Forget About Intermittent Wind & Solar If You Want Power As And When You Need It

As immutable laws, solar output collapses when the sun sets and wind power output collapses when calm weather sets in (and when wind speeds hit gale force and turbines automatically shut down). No amount of spin doctoring, varnishing or linguistic invention can undo them.

Rafe Champion builds on those laws with his ‘iron triangle of energy realism’.

He starts with the fact that irrespective of the number of turbines or solar panels, there will be occasions when wind and solar inevitably produce nothing, at all. See above – courtesy of Aneroid Energy – the output delivered by Australian wind power outfits to the Eastern Grid during May last year. Spread from Far North Queensland, across the ranges of NSW, all over Victoria, Northern Tasmania and across South Australia the entire capacity of the Eastern Grid’s wind fleet routinely delivers just a trickle of its combined notional capacity – back then 8,587 MW, now, 10,277 MW.

The iron triangle of energy realism
Spectator Australia
Rafe Champion
28 February 2023

Possibly the most powerful argument against the quest for Net Zero can be briefly stated using the Iron Triangle of Power Supply, bearing in mind the logic of testing (or falsification, as Karl Popper called it).

The three aspects of the triangle are:

  • Continuous input of power to the grid. Adequate input is required all the time, not just most of the time or almost all the time.
  • Wind droughts and especially windless nights break the continuity of input from wind power when there is no solar.
  • There is effectively no storage to bridge the gaps (despite all the talk about batteries and pumped hydro).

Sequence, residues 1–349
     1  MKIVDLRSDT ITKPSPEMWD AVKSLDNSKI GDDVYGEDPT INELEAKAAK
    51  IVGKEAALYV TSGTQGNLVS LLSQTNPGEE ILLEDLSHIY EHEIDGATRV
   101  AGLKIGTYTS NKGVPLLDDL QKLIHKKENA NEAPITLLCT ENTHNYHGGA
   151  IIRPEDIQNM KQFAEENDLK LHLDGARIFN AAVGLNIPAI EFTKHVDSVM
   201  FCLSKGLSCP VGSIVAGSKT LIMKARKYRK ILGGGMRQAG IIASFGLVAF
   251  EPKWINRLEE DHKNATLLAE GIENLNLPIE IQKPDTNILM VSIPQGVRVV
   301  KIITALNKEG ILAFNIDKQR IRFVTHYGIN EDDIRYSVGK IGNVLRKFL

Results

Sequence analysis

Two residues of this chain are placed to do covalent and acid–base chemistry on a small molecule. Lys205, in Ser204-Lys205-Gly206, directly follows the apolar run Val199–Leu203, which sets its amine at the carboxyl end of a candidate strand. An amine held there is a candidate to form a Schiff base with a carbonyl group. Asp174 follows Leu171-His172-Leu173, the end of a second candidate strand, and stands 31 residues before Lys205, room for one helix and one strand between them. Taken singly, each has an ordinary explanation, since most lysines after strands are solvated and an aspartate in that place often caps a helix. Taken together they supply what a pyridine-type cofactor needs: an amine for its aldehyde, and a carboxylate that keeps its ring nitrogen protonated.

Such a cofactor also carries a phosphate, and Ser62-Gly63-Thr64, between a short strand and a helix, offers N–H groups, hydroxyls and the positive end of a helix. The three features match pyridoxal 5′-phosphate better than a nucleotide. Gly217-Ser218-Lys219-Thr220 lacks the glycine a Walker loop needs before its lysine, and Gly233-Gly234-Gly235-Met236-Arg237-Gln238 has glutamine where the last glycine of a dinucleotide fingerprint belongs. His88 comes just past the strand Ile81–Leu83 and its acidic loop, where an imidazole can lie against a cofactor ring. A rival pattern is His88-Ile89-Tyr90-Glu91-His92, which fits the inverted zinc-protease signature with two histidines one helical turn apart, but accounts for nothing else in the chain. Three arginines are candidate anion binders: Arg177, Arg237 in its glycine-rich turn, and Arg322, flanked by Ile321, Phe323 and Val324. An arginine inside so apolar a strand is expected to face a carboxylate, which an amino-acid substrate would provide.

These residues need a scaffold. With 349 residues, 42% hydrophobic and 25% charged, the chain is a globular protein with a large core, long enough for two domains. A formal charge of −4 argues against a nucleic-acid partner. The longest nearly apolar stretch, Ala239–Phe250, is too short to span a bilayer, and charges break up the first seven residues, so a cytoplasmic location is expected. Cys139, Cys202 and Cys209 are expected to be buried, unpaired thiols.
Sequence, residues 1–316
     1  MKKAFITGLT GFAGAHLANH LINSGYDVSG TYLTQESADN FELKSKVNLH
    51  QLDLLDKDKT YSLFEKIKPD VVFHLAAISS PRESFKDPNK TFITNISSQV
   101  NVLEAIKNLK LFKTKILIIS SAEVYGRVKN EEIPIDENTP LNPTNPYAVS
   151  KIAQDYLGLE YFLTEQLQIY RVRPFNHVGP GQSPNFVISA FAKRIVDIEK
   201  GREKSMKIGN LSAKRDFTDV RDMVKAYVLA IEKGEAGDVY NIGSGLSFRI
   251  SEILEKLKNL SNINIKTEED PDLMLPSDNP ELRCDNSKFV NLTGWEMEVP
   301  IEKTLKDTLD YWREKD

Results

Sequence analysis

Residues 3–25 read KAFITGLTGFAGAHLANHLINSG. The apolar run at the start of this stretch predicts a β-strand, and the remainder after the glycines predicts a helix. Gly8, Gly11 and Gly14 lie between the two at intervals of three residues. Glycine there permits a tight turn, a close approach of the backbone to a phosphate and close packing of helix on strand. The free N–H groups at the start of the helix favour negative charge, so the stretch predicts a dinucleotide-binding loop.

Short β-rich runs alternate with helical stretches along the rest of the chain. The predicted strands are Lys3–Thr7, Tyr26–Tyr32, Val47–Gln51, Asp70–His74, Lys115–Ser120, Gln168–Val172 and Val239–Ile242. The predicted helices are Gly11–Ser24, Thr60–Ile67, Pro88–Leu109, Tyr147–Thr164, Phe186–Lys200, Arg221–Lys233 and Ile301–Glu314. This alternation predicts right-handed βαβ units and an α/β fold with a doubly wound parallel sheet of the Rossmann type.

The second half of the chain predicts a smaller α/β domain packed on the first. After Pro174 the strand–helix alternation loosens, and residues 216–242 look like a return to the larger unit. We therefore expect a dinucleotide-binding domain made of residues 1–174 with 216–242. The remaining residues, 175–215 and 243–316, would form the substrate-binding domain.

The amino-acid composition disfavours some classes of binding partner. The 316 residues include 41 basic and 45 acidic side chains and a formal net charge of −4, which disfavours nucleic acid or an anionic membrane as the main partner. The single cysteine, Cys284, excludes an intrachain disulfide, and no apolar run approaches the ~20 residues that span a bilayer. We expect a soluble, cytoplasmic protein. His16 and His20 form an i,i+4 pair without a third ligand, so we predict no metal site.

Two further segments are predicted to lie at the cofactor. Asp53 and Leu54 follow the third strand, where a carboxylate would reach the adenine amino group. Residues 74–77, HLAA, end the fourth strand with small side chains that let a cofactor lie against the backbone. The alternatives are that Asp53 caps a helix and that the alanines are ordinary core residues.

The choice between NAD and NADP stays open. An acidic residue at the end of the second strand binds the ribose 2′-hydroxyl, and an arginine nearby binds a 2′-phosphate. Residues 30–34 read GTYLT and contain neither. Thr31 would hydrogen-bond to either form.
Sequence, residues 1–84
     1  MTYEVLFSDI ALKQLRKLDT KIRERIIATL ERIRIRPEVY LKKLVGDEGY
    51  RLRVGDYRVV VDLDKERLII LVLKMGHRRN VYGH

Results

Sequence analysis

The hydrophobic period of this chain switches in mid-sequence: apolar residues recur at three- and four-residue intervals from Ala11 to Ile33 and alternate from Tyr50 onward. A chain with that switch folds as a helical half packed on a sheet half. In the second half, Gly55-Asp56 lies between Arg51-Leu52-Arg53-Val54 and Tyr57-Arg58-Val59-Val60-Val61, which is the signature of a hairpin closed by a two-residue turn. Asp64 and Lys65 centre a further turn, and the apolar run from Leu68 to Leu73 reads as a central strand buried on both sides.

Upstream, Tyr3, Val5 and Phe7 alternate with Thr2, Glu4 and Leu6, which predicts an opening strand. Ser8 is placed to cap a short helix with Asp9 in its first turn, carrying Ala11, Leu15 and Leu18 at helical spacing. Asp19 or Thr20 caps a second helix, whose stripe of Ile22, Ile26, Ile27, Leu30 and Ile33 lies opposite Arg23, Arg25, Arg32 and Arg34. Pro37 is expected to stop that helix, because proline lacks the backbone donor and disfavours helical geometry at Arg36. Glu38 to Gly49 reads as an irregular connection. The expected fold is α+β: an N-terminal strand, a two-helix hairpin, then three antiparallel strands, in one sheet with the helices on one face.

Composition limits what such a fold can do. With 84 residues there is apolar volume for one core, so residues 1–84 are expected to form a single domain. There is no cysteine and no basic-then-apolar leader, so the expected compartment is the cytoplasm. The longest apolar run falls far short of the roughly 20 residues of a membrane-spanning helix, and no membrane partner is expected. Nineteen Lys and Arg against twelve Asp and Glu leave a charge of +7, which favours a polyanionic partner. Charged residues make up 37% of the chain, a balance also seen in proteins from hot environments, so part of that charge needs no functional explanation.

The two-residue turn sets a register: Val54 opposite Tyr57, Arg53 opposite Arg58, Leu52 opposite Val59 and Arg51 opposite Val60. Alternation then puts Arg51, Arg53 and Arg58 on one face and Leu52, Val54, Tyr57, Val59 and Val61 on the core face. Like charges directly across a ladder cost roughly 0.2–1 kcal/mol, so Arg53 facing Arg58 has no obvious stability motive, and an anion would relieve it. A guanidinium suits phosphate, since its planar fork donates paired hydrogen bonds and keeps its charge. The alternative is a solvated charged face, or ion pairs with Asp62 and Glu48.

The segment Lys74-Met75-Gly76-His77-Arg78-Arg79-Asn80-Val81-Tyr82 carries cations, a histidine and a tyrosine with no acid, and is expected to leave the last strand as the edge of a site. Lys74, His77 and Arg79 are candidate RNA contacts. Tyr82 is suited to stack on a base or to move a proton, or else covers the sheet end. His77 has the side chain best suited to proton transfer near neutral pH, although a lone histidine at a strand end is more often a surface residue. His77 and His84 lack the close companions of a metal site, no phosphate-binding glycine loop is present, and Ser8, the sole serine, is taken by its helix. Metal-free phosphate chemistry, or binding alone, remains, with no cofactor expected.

Consequently, the proposition that the grid can run on wind and solar power is falsified (ruled out) and there is no justification for the decision to contaminate the grid with subsidised and mandated intermittent input from environmentally ruinous wind and solar facilities.

In defiance of the Iron Triangle, the official position is that we just need more installed wind and solar facilities, and more storage. That is stated by the Prime Minister, the Climate and Energy Minister, and the CEO of the Australian Energy Market Operator (AEMO).  It is dutifully repeated by all the usual suspects in the ABC and the mainstream media, although over a hundred leading journalists have received the briefing notes from the Energy Realists of Australia over the last three years.

The briefing notes were compiled by an elite squad of almost-dead white males and Ben Beattie, recruited to work with The Energy Realists of Australia – joking, of course.

What is the point of more wind and solar capacity?
Wind and solar can displace coal (to a point that we have almost reached), but they can’t replace it.

The rate of exit from coal is not accelerated by increasing penetration on good wind and solar days, it is limited by the lowest level of output on nights with little or no wind, as a convoy travels at the speed of the slowest vessel, the water penetrates the levee at the lowest point, a chain is only as strong as the weakest link and stock get out of the yard through gaps in the fence even if the rest of the fence is built to the sky.